Wednesday, October 17, 2007

and yet another

Subject: RE: roof connections
Date: 8/29/2007 9:37:13 A.M. Eastern Daylight Time
Reply To:

Mr Koenig, it looks like you have discovered something significant.

There is more literature on connection strength and toe-nailed connections. Split wood reduces the strength of toe-nailed connections. The only way to determine if the connection is adequate if the wood is seriously split, would be strength testing of similarly nailed joints.

While, toe-nails are still allowable in some codes, hurricane prescriptive standards have not allowed them. Straps or clips are more reliable. Screw, if done properly, would be better than nails, but if the wood is split, the best solution would be a wrap around strap. I think you could make an argument for straps as the solution for all split wood connections. Otherwise, it would seem the builder would have to do testing to show adequacy.

How are the main trusses connected to the wall frame. What windspeeds were they designed to? What building code was in effect when the houses were built.

I would try to get the builder to go back and put in clips or straps. Or, if the builder is correct in that toe nails are adequate, and your engineer confirms that to be the case, then perhaps your association could negotiate a cost for them to put in straps instead of screws. That is, the builder will have expense of going back into each house, and if a homeowner wanted to have straps, then the homeowner would only have to pay the incremental cost.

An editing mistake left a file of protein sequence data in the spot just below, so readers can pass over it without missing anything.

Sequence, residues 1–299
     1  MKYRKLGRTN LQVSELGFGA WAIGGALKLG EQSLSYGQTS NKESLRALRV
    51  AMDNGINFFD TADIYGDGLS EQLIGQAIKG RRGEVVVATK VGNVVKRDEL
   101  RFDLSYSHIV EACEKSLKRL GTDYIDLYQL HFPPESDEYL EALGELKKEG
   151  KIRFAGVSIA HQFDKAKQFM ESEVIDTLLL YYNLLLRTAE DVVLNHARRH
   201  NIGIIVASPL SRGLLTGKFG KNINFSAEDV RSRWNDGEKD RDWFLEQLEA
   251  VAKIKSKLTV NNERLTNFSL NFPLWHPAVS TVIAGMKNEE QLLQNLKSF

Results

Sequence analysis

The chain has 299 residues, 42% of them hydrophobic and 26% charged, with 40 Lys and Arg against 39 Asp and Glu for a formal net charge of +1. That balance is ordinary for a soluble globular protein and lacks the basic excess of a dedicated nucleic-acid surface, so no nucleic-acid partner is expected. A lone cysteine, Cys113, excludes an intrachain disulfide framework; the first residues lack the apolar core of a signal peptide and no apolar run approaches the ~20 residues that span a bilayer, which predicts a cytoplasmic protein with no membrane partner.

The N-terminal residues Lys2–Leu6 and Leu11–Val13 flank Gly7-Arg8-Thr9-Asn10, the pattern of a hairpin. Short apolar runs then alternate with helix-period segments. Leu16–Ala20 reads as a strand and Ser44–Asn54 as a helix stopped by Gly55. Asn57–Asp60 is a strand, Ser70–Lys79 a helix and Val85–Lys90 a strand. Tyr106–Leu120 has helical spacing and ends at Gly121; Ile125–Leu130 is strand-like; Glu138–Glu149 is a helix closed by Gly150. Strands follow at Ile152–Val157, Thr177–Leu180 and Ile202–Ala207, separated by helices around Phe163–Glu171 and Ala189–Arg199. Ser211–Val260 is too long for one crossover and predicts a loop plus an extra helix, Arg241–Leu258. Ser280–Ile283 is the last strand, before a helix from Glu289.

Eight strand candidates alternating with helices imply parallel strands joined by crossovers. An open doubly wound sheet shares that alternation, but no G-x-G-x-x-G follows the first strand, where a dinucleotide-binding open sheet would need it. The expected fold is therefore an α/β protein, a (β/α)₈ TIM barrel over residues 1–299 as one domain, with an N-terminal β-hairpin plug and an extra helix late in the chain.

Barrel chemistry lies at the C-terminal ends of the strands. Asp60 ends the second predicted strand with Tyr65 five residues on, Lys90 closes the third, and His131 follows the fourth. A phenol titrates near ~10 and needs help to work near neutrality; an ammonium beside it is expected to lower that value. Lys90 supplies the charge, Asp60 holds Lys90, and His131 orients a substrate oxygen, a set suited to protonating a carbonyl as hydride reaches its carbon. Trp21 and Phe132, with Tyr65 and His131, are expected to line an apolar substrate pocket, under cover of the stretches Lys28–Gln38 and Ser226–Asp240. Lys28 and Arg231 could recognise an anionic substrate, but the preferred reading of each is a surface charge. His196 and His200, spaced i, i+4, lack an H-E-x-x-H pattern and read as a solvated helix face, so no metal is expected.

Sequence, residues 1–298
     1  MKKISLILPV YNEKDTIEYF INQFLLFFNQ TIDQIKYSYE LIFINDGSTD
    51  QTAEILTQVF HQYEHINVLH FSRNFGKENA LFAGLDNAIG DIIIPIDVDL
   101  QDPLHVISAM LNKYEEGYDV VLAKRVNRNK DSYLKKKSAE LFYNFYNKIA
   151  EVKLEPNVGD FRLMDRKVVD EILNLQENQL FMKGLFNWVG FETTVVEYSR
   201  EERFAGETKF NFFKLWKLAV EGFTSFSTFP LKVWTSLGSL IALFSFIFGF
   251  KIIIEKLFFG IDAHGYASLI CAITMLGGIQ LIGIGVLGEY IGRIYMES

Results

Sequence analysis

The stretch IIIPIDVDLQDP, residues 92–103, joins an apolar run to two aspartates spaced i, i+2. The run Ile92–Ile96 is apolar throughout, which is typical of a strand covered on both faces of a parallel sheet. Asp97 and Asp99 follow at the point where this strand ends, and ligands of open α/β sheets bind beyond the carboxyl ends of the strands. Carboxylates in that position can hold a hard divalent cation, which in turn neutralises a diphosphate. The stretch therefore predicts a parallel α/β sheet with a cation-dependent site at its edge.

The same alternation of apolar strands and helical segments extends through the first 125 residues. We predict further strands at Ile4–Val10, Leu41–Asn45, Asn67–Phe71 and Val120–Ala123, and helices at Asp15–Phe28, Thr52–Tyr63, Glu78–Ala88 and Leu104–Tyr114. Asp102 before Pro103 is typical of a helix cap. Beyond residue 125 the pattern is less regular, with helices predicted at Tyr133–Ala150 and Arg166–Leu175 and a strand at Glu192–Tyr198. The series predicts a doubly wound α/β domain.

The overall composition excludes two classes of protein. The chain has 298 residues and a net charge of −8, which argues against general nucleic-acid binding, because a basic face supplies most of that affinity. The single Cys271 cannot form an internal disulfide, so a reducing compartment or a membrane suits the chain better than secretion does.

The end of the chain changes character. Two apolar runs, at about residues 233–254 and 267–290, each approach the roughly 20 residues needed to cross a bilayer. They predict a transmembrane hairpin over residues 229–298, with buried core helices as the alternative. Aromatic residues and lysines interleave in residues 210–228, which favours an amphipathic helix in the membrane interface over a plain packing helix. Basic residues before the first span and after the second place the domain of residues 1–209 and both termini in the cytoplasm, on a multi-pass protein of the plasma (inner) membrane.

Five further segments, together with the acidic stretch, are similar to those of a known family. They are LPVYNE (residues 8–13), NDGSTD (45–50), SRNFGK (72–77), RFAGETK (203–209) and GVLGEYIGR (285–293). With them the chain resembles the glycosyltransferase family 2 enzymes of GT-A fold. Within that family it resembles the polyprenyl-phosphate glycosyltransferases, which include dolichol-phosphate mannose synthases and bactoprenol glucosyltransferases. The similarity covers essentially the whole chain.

If the code doesn’t allow toe nails in your area, then you have a legal case to get straps put in.

If they used the wrong size nails, that is also a problem.

If the wood is split, I would think you could force them to use straps to ensure the integrity of the joint. Putting screws into split wood may not be adequate.

Other considerations for your association---Do you have impact resistant shutters on your glazed openings. That is something you should consider for your home.

Soffits are another problem these days. Gable vents and other roof vents are also pathways to get water in the house. Windows and doors are very leaky and water intrusion is another common problem.

We hope to update the study you quoted as there has been a lot of research since 2001. We have recently completed a new series of wind tunnel tests that will hopefully be used to improve the loads on roofs within a few years.

Lawrence A. Twisdale, Jr. PhD. PE
Applied Research Associates, Inc.
8540 Colonnade Center Drive
Raleigh, N.C. 27615
Fax 919-582-3401

A March 2002 report written by Dr. Lawrence Twisdale, PhD, PE for the state of Florida entitled Development of Loss Relativities for Wind Resistive Features for Residential Structures states that: (1) hurricane clips have been an industry standard since the mid 1960s; (2) toe nail roof connections shouldn't be used in hurricane-prone areas; and (3) a hurricane clip is more than twice as strong as a three nail toe nail connection. (Pulte's spec calls for two nails). The full report can be downloaded at

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